Readaccess, they cannot see anything on the lower levels. For example, if a user lacks
Readaccess at the Realm-level, they cannot see any data in the Realm, even if they have
Readat the class or object-level. However, just because they have higher-level
Readaccess does not mean they can see everything on the lower level -- just that they can see anything at all. In this way, the app developer can decide for themselves what granularity they want for permissions in their data model.
everyonewhen they first connect.
__User:<syncIdentity>. The user is also automatically a member of this role.
administratorrole which has yourself as a member, and then reduce the privileges of the
everyonerole. Note that an
administratorrole is different than an
adminuser on the Realm Object Server.
SetPermissionsprivilege can never give other users higher privileges than they themselves have.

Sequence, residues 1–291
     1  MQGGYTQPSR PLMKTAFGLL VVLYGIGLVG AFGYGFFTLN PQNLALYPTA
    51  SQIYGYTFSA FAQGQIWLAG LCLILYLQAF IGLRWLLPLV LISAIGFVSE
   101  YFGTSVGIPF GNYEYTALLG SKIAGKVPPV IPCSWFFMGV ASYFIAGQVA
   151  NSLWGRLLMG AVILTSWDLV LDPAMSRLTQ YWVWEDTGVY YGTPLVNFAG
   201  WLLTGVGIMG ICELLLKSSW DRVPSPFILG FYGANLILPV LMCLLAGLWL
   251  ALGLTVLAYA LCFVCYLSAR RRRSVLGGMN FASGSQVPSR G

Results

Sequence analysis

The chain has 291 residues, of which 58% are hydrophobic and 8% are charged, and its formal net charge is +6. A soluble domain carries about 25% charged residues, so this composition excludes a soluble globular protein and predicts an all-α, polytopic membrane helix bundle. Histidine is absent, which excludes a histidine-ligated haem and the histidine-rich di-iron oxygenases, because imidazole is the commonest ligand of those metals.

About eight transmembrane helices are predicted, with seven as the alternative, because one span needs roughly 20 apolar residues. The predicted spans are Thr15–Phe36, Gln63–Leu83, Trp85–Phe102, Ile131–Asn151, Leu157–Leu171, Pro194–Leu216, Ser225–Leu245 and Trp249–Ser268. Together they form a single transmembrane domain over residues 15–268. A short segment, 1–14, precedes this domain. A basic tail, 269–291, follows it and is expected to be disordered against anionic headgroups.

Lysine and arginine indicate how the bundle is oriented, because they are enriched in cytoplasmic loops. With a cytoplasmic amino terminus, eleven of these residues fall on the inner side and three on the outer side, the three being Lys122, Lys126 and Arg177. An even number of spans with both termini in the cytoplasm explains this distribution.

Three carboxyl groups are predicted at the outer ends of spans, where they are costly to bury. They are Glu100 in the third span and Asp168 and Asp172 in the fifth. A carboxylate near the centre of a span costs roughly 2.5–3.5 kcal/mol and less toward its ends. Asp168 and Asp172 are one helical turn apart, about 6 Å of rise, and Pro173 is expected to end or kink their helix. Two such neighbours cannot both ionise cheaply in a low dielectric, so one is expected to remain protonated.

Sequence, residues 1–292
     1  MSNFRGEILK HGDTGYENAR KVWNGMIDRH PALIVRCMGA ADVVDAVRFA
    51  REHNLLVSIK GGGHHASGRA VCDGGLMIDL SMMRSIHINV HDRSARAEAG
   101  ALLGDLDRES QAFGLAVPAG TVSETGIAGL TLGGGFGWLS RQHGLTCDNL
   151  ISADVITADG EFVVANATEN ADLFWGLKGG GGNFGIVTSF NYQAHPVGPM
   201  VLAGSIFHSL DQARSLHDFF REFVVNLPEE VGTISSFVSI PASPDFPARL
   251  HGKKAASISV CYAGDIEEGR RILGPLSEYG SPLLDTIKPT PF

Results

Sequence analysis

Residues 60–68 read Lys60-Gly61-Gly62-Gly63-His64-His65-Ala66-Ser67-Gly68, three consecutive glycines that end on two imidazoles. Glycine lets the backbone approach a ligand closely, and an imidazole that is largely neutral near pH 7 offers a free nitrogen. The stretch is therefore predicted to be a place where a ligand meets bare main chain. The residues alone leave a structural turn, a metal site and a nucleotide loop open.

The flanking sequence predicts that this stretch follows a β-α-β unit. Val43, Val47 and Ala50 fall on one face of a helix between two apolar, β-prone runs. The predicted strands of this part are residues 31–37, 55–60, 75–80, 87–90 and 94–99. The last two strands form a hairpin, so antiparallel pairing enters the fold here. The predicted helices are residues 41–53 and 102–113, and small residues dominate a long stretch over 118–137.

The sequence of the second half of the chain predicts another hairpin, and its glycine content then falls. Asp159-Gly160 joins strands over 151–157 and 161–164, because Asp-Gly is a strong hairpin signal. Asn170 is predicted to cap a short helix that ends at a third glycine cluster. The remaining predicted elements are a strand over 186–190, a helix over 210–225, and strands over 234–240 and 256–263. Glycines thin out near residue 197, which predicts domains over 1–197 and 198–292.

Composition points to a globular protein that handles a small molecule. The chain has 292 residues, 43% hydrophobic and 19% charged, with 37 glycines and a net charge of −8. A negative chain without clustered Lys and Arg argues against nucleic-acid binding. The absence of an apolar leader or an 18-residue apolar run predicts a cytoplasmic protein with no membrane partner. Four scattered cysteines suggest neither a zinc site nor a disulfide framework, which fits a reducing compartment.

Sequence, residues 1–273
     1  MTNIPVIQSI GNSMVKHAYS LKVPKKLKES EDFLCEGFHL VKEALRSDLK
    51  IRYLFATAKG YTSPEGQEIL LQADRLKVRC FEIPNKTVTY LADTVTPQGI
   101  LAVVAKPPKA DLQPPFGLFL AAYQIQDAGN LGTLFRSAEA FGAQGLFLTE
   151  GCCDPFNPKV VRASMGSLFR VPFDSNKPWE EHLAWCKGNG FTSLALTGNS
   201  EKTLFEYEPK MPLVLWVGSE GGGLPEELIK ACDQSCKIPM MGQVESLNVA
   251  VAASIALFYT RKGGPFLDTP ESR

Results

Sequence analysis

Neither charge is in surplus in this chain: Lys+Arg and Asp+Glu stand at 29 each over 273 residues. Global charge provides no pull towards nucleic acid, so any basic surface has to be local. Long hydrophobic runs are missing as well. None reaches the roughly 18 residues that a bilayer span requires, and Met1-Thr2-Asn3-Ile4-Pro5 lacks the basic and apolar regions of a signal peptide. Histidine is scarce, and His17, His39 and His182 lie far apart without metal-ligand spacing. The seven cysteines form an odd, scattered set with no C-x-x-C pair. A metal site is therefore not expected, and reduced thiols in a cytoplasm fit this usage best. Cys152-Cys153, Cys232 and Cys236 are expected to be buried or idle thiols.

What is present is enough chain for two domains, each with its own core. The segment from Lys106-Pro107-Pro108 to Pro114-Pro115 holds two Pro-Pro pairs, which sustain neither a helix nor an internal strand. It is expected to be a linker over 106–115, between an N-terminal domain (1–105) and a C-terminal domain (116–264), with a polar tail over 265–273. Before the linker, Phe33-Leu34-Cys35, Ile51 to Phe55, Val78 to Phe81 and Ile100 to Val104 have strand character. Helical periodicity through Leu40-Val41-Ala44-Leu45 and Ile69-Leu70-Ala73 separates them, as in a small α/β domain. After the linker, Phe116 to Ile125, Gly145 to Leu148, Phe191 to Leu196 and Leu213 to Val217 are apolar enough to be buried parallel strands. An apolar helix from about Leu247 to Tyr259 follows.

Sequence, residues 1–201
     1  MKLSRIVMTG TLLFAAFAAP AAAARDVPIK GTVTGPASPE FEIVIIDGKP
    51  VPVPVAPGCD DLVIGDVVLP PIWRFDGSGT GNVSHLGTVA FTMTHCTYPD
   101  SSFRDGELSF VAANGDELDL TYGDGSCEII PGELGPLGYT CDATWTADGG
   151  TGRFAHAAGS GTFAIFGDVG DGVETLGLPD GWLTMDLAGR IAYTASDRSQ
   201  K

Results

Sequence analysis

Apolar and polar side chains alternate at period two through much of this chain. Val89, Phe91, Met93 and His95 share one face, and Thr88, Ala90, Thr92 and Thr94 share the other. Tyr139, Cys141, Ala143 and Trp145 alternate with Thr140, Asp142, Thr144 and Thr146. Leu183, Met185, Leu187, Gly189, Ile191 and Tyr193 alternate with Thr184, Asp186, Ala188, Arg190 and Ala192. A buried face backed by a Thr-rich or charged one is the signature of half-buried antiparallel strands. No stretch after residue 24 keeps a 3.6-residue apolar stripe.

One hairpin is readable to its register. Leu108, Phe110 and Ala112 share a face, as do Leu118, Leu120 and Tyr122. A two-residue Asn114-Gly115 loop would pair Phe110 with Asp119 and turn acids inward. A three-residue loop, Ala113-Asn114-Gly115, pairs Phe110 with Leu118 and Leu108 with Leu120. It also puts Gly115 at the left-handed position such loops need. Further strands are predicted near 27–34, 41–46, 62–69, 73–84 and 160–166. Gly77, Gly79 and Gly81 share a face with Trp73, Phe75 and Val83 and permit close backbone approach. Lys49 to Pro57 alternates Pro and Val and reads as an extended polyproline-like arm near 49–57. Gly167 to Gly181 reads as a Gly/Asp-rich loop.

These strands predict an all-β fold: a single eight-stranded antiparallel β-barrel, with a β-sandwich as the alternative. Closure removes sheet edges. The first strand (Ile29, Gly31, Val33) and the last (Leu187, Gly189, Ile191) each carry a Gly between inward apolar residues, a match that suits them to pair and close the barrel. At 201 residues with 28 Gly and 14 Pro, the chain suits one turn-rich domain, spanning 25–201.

canReadis set at the Realm-level, it is possible to set
canReadto false at the Class-level, which will prevent the Role from seeing just this single class. However, if
canReadwas not set set the Realm-level, the value of
canReadat the Class-level will be ignored and the class will not be readable.
canCreateprivilege, but not
canUpdate,they are still able to modify newly-created objects inside the same transaction that object was created in.
canReadis enabled at the Class-level, it is possible to disable
canReadat the Object-level which will prevent the Role from seeing just this single object. However, if
canReadwas disabled at the Class-level, no matter the value of
canReadat the Object-level the object will not be readable.
canQuery/canReadpermission at the Class level).
Usercan be part of multiple roles with many different permissions, it is often useful to be able to determine exactly what the current user can do with an object (or class, or the Realm file).